NEFR 2017 | SRTUSA
Updated: Aug 28, 2018
I'm very lucky to have been able to travel to North America over the past couple of years and packing my gear is always a priority.
A good friend of mine is a Rally Co-Driver (how cool is that) and he is part of the Subaru Rally Team USA. He is in North America throughout the year, competing for the ARA Championship (6/7 time champion, soon to be 7/8 - I can't remember).
Last year he invited me to come a long for a week and experience what he does for a living. I was buzzing about it. I knew very little about motorsport videography and had never been to a Rally before...I can assure you it wasn't my last.
I took a Canon 5DIII and a couple of lenses without any intention of doing anything with the footage. Over the course of the weekend I went from stage to stage with the media team, learning and shooting what I could. I missed a lot - it was my first Rally..but once I got into the swing of things, I managed to get some pretty rad stuff.
The thing about motorsport videography/photography is that you have one shot. You don't have time to test, you just have to know and trust in your abilities (The two Subaru cars were always first out). These guys have 5/6 shots per day of each of their cars (they have two in the SRT). I admire what they do so much. What they capture is outstanding and some of the guys that are doing it for a hobby capture some insane stuff. I know Craig has bought a couple of stills of photographers over the years and the sit very proudly on his wall.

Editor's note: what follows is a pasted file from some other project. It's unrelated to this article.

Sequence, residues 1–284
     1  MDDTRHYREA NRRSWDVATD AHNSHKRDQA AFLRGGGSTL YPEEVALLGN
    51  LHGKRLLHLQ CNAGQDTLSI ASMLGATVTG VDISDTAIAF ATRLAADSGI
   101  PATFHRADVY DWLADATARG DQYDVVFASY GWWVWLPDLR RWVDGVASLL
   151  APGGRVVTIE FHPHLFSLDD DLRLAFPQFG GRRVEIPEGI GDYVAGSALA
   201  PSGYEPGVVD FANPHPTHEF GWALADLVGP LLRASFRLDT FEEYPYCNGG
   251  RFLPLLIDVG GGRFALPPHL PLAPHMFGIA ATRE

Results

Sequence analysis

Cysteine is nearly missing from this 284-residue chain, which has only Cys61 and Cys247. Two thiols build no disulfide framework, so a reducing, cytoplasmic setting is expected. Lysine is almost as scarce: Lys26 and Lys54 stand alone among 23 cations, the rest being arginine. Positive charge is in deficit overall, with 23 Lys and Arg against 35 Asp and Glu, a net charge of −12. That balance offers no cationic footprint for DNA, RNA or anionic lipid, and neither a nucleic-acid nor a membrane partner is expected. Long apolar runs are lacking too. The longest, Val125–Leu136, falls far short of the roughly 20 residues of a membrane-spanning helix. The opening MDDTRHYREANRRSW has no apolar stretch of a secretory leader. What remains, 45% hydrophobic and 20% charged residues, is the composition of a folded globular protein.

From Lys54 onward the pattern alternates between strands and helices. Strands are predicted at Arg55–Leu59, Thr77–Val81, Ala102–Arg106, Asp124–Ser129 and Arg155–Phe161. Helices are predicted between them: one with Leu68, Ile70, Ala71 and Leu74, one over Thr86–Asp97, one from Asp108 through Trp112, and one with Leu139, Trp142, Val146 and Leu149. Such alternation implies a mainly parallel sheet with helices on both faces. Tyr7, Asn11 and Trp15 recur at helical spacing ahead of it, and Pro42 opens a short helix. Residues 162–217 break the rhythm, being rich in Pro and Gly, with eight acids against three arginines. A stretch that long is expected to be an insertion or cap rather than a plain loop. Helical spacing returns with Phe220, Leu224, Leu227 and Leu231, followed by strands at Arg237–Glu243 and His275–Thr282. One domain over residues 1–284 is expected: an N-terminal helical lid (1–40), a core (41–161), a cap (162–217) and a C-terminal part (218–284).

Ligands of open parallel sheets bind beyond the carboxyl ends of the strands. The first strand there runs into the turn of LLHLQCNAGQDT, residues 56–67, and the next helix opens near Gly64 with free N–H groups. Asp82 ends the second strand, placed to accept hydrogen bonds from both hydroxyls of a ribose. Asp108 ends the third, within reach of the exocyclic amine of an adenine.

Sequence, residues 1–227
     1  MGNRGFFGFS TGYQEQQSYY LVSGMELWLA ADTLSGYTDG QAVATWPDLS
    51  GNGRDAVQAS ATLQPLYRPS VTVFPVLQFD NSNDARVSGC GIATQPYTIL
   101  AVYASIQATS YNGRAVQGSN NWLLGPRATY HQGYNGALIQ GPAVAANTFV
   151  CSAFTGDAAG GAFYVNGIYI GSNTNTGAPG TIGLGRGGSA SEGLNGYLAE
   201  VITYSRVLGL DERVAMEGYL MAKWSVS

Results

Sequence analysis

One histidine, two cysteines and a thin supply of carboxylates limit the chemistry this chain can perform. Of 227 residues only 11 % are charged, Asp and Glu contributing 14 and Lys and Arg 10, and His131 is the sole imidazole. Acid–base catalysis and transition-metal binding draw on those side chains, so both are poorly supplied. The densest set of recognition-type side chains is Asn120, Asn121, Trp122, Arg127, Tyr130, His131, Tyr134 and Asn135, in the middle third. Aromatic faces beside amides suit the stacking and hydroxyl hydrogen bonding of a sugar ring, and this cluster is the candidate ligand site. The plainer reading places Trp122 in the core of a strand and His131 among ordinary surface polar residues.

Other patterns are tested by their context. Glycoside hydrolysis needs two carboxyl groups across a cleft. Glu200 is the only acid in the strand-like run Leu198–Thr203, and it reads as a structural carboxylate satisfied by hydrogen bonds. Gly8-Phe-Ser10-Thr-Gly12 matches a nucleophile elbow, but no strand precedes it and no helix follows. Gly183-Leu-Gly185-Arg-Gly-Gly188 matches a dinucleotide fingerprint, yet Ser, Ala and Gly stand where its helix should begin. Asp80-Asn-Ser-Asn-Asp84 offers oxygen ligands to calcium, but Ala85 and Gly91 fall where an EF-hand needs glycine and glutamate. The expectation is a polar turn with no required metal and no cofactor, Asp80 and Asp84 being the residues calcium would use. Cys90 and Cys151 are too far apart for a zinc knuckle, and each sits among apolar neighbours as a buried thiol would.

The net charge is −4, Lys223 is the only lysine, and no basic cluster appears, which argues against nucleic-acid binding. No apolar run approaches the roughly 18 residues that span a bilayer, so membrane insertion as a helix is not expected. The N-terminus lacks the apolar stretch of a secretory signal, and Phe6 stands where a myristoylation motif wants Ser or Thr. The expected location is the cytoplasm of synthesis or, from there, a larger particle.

..and this is the thing.
Whenever you shoot, you never know what will happen to that image/film. Get it on social media with a watermark, tag it to high hell and someone important might see it! I shot the shakedown (test day) and absolutely loved it. I annoyed the hell out of Craig and on a couple of occasions he got pretty hacked off with my filming (I suppose it didn't help that they were having issues with the car). That night, after we had some food and a bottle of Malbec, I went through the rushes and immediately conceptualised the footage, so at 1am I set to work on piecing together a short cut for social media of the day. I finally exported at 5.30am - it was pretty rushed, but I thought it looked pretty cool.
The result? Craig and David (Higgins - the driver') loved it, and it got the shit shared out of it. I didn't have to do it, I wasn't being paid to do it - I did it because I loved it. When you are freelance you have to look for every kind of angle and opportunity to get your work noticed. You'd be surprised how many doors this way of working can open for you.